Every mathematician, and user of mathematics, needs to manipulate sums or to find and handle combinatorial identities. In this book, the author provides a coherent tour of many known finite algebraic sums and offers a guide for devising simple ways of changing a given sum to a standard form that can be evaluated . As such, Summa Summarum serves as both an introduction and a reference for researchers, graduate and upper-level undergraduate students, and non-specialists alike: from tools as distinct as the most classical ideas of Euler to the recent effective computer algorithms by Gosper and Wilf-Zeilberger. The book is self-contained with relatively few prerequisites and so should be accessible to a very broad readership.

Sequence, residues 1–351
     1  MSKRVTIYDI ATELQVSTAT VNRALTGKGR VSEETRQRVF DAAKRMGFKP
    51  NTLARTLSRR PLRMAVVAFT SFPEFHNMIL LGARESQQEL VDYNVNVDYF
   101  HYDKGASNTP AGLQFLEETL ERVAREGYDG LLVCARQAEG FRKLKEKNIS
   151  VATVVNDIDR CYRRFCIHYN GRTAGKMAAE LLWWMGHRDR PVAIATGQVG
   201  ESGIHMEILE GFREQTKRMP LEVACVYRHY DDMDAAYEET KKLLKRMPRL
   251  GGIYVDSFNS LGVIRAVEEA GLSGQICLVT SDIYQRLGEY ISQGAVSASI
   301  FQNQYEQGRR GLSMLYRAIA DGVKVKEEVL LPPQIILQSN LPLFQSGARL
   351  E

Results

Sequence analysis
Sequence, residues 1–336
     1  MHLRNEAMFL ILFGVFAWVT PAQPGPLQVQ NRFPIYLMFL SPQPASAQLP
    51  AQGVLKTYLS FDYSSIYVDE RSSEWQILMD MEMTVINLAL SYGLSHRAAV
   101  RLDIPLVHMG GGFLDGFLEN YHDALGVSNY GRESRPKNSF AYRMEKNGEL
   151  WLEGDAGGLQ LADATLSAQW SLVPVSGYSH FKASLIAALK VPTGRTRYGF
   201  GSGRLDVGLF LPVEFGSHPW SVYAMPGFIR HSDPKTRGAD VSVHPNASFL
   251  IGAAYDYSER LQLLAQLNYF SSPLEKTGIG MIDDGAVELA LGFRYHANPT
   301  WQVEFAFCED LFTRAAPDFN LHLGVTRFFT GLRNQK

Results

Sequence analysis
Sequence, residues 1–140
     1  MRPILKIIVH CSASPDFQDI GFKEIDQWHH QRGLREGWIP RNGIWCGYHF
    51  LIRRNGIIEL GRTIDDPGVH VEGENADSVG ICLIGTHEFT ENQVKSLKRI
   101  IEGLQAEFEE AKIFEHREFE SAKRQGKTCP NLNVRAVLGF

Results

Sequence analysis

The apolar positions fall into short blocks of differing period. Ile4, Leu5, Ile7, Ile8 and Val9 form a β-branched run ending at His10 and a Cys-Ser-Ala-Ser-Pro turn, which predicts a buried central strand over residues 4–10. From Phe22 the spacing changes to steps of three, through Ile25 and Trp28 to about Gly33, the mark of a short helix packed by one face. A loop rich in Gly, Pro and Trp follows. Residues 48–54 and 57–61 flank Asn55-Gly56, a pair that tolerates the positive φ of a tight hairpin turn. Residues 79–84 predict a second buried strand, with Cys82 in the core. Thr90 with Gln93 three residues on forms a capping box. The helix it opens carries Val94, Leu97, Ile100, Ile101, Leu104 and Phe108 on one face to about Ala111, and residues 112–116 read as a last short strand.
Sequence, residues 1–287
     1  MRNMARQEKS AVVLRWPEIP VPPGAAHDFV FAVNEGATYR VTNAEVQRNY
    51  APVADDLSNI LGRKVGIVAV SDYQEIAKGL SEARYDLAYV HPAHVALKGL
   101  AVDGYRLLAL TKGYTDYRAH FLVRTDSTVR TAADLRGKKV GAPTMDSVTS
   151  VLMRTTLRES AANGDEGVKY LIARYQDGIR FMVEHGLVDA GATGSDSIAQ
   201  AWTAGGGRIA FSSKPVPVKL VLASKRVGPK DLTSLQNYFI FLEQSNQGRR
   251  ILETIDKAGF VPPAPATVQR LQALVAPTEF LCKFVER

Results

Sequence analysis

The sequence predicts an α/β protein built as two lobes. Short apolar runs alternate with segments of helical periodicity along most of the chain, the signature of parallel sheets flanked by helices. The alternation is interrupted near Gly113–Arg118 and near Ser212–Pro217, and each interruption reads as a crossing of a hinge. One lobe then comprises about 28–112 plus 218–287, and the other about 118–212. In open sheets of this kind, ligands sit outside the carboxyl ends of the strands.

This represents the first in the new Canadian Mathematical Society Treatises in Mathematics series of books: a collection of short monographs, dedicated to well defined subjects of current interest. These treatises emphasize the interdisciplinary character of the mathematical sciences and facilitate integration of methods and results from different areas of current research.